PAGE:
Typically, when I wear earbuds, I use a medium ear tip and the earbuds fade into the background. Not these, though. Try as I might, I could always feel the SP800N thanks to that unyielding pressure. Still, when I hopped on my Bowflex MaxTrainer, they stayed put and helped me stay in the zone. 

I managed to wear the earbuds for two hours in one sitting, but it was a bit uncomfortable throughout. But then I remembered Sony bundled three sets of additional eartips. I went for the smallest one and earbuds were immediately more comfortable. Then I wore them with no problem for two more hours. I highly recommend sizing the eartips because that’s two uncomfortable hours I can’t get back. 

Sony WF-SP800N Earbuds controls

Tippity, tappity. Much to my surprise and chagrin, the SP800N integrated touch panel operates on a tap system. The SP800N control scheme looks like this: on the right earbud, a single tap plays/pauses the music, two taps skip the track forward and three taps skip to the previous track. Need to summon your digital assistant? A long press will launch Siri or the Google Assistant depending on the device the buds are paired with. 

The left earbud comes with its own set of controls: a single tap enables/disables Ambient Mode while a long press launches Quick Attention mode in case you need to engage in conversation with a colleague or friend without taking out the buds. 

When you actually need to take the buds out, sensors in the buds will automatically pause whatever you’re listening to. It’ll restart as soon as you place the bud back in your ear. If you want to use the touch panels to adjust the volume, you’ll have to change the settings in the companion app.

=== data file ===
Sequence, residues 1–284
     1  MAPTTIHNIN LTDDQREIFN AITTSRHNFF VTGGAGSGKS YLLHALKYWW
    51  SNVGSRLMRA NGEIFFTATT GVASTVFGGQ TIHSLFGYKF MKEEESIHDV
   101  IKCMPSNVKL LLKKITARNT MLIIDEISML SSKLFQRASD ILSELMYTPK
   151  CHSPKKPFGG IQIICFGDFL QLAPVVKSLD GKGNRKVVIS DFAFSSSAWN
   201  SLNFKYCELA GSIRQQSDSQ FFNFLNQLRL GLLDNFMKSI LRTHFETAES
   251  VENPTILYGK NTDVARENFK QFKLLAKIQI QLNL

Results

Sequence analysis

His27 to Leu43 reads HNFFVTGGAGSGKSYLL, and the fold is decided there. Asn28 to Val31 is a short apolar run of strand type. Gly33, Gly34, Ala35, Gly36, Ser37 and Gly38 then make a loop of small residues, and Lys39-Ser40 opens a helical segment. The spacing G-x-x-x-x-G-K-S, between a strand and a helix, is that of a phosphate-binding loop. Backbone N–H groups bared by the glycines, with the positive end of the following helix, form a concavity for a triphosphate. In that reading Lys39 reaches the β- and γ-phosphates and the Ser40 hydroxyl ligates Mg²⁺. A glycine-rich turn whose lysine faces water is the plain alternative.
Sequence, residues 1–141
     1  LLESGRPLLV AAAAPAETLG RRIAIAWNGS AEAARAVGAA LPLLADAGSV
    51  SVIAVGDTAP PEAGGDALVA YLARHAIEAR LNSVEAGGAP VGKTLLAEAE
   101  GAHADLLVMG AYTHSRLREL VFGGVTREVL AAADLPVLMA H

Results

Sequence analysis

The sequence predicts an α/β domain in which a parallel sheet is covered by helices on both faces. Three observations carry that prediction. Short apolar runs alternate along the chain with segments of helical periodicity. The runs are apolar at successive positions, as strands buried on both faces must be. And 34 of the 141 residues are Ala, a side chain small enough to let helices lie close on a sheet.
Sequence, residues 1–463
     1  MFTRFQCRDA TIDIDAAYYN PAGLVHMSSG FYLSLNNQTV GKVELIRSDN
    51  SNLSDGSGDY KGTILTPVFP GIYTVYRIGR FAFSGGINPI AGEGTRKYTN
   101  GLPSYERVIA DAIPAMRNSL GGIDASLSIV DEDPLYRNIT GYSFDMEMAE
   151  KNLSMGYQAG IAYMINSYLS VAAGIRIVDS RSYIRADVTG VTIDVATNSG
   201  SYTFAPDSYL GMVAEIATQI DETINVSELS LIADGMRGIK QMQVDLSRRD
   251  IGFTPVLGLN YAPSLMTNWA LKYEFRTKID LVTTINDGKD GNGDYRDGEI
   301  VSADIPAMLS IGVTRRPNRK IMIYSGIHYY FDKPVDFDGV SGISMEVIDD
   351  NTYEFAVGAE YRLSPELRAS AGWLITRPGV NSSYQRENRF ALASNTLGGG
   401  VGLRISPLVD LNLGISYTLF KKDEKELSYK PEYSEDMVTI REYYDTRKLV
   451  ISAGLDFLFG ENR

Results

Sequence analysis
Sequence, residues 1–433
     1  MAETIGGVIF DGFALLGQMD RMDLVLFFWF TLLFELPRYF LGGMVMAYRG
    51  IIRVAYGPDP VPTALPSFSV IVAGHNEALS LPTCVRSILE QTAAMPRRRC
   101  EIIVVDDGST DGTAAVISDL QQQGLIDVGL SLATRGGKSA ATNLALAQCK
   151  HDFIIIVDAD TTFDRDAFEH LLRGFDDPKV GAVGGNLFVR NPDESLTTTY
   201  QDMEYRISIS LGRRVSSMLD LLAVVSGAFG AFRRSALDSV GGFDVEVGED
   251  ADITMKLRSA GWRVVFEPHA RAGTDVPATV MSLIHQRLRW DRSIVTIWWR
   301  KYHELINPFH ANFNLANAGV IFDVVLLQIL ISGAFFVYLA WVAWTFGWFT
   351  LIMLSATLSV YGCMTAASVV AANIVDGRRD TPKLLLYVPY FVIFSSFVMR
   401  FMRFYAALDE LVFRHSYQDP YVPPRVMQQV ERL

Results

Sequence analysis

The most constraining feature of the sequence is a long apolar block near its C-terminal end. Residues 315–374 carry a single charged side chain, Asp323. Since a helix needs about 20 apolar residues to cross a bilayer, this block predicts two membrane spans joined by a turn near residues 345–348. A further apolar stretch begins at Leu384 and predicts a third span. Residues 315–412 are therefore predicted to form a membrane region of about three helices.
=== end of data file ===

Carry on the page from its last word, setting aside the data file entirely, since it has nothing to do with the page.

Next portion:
Sony Headphones Connect app

Like a number of Sony headphones, the SP800N uses the free Sony Headphones Connect app (available for Android and iOS). The app adds even more functionality to the earbuds, including adjusting Adaptive Sound Control and Ambient Sound Control. And you also have the ability to turn the active noise cancelling on and off. There’s also an equalizer so you can customize the sound profile. 

Sony WF-SP800N Earbuds features

The SP800N comes with a number of helpful features designed for music and exercise aficionados. You’ll need the app to access them of course, but once you do, the earbuds’ functionality really opens up. 

Sony WF-SP800N earbuds

(Image credit: Future)

You have Adaptive Sound Control which adjusts the ambient sound settings automatically, according to the environment. The Smart Listening by Adaptive Sound Control is the secret sauce as it detects your activity and location and adjusts on the fly. So if you’re running to catch a plane at the airport, the earbuds will adapt without you having to touch anything. 

With Ambient Sound Control, you can decide how much of the outside world you want to let into the soundstage. It comes in handy when you’re out running or just commuting to work. There are 20 levels to choose from, so you can let the world all the way in or immerse yourself in your jams.

Sony WF-SP800N Earbuds noise cancellation

It seems the SP800N takes after the excellent WF-1000xM3 earbuds when it comes to active noise cancellation. Watching my LG TV, the buds completely shut out most of the ambient noise when the television’s volume was at 15 of 100. It was the same result as the AirPods Pro. And while the buds can’t completely shut out noise when the television was on higher volumes, it definitely keeps a decent amount of noise out.